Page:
"I can't wait to hear him call me Mom for the first time!" said foster mom, Shan Shan, to our team at a recent site visit in China's Shanxi province. Her new son has had some trouble with his speech, but since living with Shan Shan it has been improving quickly. One of the important aspects of placing children into families is to provide them with the opportunity to develop a sense of security, safety and trust. "When children can trust in their secure base, they are free to explore, learn and develop.” says Care for Children's Group Training Manager, Mary Beek. The children being placed into families often have been diagnosed with a learning disability, cerebral palsy or show signs of developmental delay, and we have heard countless stories from our project partners of the vast improvements in a child's development after being placed with a family. This is how your donation makes a difference. From now through December 31st, all new monthly donations are being MATCHED by an anonymous donor on Global Giving. This will be a one-time 100% match! To qualify for the match, supporters must give at least four consecutive months. Isn't that fantastic? Make your year-end gift go even further by signing up for recurring doonations to Care for Children on Global Giving this holiday season. Let's keep working together to change the lives of these children. Thank you for your support!
Faces like this show how important family can be. Xiao Long is 12 years old. He's lived with his foster family for 7 years. When he was first placed with his family, he couldn't walk or talk, and he was thought to have learning difficulties. Now he speaks well, attends the local school and has shown he has no learning difficulties to speak of! As you can see, family life has brought out his passion for art. The Child Welfare Institution where he used to live continues to support his foster family, and even helps to provide a private art teacher to cultivate Xiao Long's talents.
This Christmas, help give other boys like Xiao Long a new family. #giveachildafamily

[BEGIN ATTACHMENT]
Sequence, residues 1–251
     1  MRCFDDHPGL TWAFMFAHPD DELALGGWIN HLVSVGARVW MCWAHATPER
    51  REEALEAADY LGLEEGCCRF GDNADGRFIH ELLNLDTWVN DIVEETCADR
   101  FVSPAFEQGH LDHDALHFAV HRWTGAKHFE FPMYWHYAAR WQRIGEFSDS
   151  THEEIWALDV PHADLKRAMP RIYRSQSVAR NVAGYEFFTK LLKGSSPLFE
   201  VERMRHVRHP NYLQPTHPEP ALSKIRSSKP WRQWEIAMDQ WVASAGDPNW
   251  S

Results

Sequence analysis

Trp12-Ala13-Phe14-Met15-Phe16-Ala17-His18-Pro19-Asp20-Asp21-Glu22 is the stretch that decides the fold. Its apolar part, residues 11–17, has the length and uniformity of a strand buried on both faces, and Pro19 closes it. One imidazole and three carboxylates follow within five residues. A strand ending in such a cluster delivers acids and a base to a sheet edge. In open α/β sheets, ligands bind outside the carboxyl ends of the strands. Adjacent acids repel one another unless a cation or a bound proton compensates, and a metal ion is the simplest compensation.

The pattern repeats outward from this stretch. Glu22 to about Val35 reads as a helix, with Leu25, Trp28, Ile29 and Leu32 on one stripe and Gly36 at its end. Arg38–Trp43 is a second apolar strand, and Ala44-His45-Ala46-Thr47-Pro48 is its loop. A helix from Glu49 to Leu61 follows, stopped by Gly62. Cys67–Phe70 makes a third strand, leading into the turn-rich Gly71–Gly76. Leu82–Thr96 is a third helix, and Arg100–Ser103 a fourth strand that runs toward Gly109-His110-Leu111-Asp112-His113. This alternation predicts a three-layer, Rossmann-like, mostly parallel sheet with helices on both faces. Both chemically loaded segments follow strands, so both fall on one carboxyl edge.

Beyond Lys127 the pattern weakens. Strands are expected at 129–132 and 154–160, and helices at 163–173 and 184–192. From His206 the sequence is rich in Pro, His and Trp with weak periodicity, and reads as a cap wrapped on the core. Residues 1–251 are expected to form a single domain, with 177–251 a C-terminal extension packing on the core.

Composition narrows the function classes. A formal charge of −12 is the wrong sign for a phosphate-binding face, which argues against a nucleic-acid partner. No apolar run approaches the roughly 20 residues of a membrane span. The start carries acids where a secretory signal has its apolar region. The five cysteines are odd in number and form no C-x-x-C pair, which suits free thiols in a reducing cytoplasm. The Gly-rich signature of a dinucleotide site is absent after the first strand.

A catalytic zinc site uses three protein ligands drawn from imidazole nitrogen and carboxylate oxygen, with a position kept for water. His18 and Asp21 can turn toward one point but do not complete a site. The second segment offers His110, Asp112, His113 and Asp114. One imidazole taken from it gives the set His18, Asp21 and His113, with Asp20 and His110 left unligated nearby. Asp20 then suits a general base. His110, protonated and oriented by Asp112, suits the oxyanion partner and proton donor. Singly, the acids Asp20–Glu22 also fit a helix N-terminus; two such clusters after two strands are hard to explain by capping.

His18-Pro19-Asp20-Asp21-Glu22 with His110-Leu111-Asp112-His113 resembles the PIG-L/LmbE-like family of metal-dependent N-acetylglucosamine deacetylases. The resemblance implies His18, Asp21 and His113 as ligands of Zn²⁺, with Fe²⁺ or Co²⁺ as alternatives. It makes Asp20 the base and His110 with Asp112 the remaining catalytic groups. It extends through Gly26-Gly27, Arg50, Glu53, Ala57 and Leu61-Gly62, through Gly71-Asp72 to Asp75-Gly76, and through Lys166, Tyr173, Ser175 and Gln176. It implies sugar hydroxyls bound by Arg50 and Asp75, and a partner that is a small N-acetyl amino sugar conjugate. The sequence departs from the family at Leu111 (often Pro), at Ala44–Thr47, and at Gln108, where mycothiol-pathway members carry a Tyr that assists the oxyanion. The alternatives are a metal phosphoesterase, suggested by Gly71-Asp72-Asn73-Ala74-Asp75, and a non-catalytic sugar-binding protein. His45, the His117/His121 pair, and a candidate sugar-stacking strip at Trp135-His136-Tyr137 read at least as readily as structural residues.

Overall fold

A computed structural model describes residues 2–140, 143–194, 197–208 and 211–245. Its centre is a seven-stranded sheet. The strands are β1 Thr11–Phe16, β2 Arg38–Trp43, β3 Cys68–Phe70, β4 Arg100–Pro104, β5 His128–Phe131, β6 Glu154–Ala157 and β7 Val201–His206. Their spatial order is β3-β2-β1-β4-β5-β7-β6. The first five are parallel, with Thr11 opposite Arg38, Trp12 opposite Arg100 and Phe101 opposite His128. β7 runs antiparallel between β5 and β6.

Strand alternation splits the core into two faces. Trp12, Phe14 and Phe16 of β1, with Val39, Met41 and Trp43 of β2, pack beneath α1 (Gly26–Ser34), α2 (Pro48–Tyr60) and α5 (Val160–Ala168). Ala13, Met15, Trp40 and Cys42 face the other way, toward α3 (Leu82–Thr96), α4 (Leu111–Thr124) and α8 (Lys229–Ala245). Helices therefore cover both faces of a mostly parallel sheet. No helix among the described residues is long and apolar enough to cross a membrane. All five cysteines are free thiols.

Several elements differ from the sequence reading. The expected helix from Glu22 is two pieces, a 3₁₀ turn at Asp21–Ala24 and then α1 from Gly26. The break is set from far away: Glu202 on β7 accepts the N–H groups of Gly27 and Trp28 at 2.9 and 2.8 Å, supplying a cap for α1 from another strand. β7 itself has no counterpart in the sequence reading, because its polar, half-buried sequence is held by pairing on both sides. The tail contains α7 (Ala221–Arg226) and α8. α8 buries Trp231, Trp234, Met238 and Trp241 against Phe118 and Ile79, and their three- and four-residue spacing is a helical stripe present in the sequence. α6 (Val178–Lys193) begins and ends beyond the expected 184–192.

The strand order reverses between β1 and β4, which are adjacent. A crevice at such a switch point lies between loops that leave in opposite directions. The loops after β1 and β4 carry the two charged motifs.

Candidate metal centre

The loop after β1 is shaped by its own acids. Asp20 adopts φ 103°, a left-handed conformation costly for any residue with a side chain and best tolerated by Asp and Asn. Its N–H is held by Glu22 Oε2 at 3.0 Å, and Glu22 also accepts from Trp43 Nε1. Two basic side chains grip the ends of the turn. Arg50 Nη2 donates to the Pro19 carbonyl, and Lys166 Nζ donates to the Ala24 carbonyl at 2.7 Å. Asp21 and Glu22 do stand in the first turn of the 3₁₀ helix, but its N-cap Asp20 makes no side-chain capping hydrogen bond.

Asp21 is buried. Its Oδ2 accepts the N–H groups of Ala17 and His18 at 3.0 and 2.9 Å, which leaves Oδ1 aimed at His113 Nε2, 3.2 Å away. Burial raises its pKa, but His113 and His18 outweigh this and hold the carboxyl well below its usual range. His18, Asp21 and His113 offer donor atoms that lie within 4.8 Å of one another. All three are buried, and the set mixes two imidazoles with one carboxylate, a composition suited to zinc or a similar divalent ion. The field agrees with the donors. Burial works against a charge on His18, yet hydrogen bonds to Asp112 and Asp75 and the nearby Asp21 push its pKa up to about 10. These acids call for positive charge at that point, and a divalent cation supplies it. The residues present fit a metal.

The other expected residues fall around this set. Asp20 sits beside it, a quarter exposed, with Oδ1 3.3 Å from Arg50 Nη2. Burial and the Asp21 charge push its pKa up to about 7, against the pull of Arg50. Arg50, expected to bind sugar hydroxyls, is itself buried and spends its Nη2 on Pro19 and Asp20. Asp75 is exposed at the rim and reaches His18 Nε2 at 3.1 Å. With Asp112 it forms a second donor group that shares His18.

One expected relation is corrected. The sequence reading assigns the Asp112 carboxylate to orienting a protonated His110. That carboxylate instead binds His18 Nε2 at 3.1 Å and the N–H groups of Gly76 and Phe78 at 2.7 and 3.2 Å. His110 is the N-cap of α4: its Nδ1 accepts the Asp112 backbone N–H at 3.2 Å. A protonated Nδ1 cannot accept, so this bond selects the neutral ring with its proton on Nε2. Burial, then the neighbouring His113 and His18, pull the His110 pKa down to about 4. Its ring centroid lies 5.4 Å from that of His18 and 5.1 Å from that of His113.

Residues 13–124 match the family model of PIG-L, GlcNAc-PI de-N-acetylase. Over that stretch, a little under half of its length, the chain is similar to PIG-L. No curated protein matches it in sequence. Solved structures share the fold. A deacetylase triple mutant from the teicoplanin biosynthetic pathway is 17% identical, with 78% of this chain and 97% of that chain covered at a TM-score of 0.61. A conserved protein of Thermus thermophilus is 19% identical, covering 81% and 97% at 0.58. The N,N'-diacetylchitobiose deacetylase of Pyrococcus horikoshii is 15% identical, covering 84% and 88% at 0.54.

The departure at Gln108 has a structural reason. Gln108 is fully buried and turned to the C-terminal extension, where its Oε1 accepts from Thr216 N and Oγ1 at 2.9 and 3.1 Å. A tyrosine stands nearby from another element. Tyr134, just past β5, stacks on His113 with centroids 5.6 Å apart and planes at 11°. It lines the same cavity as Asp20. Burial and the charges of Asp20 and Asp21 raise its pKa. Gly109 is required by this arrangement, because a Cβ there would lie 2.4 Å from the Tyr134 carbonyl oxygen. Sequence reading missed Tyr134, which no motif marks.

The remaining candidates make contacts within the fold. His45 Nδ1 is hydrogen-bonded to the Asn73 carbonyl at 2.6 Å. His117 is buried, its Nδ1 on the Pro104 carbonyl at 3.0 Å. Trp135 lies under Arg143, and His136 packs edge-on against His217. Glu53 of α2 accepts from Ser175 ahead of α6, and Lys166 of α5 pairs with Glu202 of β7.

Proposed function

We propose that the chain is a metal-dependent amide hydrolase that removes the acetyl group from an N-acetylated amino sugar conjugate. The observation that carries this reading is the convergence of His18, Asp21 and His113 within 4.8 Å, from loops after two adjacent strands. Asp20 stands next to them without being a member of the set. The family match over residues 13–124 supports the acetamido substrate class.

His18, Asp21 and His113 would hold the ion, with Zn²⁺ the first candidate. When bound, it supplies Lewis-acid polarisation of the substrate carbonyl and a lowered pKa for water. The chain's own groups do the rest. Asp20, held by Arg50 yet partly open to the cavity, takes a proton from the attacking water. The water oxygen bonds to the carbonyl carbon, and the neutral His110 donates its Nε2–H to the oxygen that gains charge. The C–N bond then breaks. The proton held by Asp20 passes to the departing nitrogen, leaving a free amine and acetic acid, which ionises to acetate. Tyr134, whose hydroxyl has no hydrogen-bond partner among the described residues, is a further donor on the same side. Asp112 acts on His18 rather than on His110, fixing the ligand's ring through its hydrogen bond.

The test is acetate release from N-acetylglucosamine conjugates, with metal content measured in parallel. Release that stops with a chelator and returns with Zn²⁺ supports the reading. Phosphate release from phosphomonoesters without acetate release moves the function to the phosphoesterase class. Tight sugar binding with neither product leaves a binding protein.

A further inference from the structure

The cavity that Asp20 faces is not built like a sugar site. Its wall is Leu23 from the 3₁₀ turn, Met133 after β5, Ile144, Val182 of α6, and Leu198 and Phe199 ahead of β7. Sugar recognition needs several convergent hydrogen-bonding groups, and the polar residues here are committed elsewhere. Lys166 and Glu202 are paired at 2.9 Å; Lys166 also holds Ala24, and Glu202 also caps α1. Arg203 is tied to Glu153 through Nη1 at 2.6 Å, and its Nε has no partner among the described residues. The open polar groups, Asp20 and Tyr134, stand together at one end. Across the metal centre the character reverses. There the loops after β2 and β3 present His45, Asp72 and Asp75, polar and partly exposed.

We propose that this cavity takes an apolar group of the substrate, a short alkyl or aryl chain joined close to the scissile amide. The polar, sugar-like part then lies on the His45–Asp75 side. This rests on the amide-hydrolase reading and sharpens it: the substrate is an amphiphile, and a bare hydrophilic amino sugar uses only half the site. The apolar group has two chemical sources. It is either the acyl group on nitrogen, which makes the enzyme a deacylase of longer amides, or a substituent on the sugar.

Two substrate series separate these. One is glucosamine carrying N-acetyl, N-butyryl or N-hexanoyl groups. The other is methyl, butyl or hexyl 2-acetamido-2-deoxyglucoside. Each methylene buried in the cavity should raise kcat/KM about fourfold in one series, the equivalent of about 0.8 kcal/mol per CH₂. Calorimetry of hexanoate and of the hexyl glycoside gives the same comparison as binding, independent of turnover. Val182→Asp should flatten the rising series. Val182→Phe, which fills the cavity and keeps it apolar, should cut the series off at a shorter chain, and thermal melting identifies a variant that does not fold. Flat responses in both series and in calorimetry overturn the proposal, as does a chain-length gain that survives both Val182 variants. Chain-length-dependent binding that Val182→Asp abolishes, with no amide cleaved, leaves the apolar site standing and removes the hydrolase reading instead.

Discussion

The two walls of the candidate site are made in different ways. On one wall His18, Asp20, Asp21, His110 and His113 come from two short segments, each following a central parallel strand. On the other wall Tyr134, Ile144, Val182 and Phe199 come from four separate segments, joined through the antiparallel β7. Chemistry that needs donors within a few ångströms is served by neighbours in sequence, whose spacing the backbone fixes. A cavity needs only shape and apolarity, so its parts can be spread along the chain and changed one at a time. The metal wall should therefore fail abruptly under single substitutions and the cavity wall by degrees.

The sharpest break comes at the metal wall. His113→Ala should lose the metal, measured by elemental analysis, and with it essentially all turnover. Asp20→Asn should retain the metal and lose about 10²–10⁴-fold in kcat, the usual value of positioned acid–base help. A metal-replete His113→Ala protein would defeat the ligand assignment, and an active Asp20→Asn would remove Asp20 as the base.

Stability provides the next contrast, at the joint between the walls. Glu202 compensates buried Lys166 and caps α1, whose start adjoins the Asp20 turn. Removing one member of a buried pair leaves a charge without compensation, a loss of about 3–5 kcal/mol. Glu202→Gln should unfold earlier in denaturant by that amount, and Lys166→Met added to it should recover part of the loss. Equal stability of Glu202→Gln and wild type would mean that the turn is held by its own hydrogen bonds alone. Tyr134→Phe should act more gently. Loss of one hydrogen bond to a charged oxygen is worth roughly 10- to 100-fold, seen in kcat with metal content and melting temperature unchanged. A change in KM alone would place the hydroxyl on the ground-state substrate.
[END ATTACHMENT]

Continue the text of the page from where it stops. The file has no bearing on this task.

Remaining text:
From all of us at Care for Children, thank you for your support this year! We can't do this work without you.
How do you cope with change?
Perhaps you’ve changed jobs and are having to learn a new set of skills? Maybe you’ve been laid off and you don't know where the next pay check will come from? Or you might even be picking up a new hobby? The fact of the matter is, we all experience change one way or another and everyone has different ways of coping. For some of us, we embrace change and adapt to the new situation, but for others facing change can make us feel vulnerable.
Helping children and families cope with change is an important part of our work. Children who have been orphaned or abandoned have to bear the burden of loss from a very young age - loss of parents, loss of heritage, loss of identity to name a few. We provide training to family placement workers and foster carers on how to support children through change, separation and loss. We also help workers and carers maintain the right balance in dealing with the emotions of supporting children in care.
On a recent training trip to Chengdu, our training team spent three days with family placement workers and some foster families to work through the issue of dealing with separation and loss. There are different situations children and their foster families have to manage and work through - for example, some children need to move placements so that they can gain better access to education and others may be reaching independence and need support as they prepare to move on.
There were 30 participants who came from different parts of Chengdu, representing over nine different orphanages. Many participants had never attended our training before and shared how they appreciated the opportunity to learn more about coping with separation and loss. They also mentioned the need for more training like this to be rolled out! We love being able to meet and gather with our local partners to work and learn collectively together!
We at Care for Children would like to say thank you to all our Global Giving supporters who make this important work possible! You are helping to lay strong foundations for children to receive the best quality care!
We have the privilege of meeting countless families across the country who are devoting their time and energy to give disadvantaged children a stronger start in life. The love that is poured out on these children is very moving. Visiting families not only brings home some of the realities of the difficult job they do and the sacrifices they have made, but it is also encouraging to see how families have grown and been strengthened through their experiences of family placement care. Here's another story of a family who have been caring for two boys: